katonda.com: Linux is gaining popularity in the mobile phone industry, thanks to Android. Sony Ericsson has also joined the Gnu-Linux club and announced the launch of their first Android-powered phone -- The Xperia X10.

Stuff That Works With Linux #4

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Hardware

reddevil62-techhead.blogspot: Given that the majority of my digital files include nothing more than MP3s and family photographs, I'm fairly relaxed about how I secure the digital data I carry around with me. But if you're used to carrying sensitive material, whether personal or professional, then I have just the device for you - the iStorage DiskGenie.

ECS NVIDIA GeForce GT 240 512MB

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Hardware

phoronix.com: A month after NVIDIA launched the GeForce GT 220 graphics card they rolled out the GeForce GT 240, to further fill the performance void between the GT216-based GT 220 and the GeForce GTS 250 that had been around since March. We finally have our hands on a GeForce GT 240 graphics card from the folks over at ECS Elitegroup to see how this GT215 graphics card performs under Linux.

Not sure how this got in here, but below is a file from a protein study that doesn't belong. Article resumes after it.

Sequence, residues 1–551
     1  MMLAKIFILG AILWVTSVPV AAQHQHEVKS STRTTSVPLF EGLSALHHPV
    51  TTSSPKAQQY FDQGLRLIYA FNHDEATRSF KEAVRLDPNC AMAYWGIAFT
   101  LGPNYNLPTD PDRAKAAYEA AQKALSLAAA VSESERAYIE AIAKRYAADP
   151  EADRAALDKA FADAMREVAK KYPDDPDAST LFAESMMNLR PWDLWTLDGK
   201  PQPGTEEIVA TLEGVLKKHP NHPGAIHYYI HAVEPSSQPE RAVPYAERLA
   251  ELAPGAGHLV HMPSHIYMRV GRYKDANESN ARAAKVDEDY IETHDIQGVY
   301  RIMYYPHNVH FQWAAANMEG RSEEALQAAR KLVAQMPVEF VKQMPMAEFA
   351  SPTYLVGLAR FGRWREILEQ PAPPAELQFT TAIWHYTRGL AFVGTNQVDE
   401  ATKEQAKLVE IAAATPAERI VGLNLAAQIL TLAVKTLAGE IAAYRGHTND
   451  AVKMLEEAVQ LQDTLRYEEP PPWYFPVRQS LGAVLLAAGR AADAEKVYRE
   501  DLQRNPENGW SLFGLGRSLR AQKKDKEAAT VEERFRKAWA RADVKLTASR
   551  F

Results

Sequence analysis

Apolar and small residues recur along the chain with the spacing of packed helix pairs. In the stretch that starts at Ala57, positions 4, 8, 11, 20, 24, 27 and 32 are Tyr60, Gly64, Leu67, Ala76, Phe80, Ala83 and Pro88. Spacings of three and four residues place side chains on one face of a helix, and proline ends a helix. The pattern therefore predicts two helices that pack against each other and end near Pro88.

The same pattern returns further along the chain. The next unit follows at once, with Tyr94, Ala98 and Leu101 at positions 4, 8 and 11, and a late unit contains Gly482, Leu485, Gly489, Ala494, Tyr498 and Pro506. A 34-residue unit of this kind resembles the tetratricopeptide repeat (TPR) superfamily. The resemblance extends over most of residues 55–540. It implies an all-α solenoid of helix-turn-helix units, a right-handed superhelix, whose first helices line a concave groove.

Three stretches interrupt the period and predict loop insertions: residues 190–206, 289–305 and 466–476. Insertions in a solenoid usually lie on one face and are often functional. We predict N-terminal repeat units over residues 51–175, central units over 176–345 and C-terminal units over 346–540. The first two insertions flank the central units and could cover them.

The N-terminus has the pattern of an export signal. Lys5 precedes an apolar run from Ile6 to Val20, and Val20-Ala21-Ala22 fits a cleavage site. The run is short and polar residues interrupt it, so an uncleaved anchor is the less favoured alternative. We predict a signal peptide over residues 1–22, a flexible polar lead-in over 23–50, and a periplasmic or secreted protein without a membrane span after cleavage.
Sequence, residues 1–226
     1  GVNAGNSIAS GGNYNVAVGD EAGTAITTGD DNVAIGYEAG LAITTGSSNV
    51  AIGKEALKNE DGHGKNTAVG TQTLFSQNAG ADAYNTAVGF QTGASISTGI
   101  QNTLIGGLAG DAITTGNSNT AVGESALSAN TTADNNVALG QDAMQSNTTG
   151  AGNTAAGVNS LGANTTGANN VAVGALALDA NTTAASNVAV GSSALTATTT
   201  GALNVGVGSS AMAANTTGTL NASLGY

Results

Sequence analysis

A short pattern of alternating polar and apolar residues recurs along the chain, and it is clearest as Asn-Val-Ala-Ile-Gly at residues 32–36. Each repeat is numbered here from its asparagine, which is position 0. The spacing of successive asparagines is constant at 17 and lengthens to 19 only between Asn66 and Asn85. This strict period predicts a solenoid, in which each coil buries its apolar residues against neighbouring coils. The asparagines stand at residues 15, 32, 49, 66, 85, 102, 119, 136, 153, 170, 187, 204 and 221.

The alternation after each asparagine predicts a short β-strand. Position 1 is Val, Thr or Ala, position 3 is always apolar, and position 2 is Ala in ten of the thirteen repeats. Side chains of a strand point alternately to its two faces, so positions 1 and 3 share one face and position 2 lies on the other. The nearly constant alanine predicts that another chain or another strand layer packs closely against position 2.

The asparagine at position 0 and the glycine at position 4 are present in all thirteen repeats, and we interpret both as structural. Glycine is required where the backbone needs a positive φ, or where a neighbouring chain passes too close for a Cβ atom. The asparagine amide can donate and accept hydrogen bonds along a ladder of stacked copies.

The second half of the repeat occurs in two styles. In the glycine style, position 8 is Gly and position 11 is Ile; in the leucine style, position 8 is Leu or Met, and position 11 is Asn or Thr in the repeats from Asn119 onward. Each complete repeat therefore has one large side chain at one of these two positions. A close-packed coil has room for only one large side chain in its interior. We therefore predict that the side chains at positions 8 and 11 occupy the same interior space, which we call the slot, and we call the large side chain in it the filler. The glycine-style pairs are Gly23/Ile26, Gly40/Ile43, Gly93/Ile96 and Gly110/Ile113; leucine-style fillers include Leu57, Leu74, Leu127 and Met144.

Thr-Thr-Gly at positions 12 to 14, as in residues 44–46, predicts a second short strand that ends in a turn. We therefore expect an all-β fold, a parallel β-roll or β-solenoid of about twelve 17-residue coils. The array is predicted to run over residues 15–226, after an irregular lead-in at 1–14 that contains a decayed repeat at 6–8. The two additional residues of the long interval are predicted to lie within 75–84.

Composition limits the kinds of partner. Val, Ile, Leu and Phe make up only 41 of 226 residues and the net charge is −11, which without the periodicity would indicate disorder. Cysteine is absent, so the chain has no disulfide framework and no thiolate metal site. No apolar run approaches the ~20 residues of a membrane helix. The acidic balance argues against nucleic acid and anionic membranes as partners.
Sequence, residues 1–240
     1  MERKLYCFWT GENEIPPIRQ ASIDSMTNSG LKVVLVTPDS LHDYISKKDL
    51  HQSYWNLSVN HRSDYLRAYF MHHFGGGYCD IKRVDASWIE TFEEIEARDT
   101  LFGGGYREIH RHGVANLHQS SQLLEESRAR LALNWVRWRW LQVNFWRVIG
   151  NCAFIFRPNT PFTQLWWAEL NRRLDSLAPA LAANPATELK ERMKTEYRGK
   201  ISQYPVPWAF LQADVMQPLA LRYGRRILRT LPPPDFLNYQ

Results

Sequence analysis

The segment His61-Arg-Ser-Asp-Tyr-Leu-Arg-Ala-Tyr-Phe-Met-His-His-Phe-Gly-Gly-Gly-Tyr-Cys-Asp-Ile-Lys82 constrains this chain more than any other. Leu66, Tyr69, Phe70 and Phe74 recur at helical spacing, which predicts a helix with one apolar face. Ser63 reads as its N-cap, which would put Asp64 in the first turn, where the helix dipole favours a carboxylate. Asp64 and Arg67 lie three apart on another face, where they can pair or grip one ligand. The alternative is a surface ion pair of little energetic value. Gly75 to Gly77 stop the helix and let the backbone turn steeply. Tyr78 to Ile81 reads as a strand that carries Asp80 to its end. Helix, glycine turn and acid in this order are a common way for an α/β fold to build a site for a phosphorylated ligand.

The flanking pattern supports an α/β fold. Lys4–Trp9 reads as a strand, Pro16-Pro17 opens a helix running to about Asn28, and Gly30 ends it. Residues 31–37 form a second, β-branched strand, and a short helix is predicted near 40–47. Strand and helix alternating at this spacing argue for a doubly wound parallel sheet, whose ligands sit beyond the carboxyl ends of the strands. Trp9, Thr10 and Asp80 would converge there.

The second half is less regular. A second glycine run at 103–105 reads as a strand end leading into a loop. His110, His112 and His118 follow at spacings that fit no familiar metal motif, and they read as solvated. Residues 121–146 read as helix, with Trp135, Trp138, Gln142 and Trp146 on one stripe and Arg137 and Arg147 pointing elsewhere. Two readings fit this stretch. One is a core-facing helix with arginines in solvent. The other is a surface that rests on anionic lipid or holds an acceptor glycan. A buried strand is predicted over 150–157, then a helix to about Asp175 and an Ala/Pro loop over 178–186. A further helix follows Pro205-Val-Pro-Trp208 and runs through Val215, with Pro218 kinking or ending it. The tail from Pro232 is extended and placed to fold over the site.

The Open-PC: one step closer to open-hardware

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Hardware

At the Gran Canaria Open Desktop Summit in July 2009, the Open-PC project was announced. The statement said the project aimed to “cooperatively design a Free Software based computer by and for the community”. Further this PC would use only hardware for which there are free software drivers available. This would be a PC with the minimal compromise required for running a free desktop. In January 2010 the project announced the launch of its first product.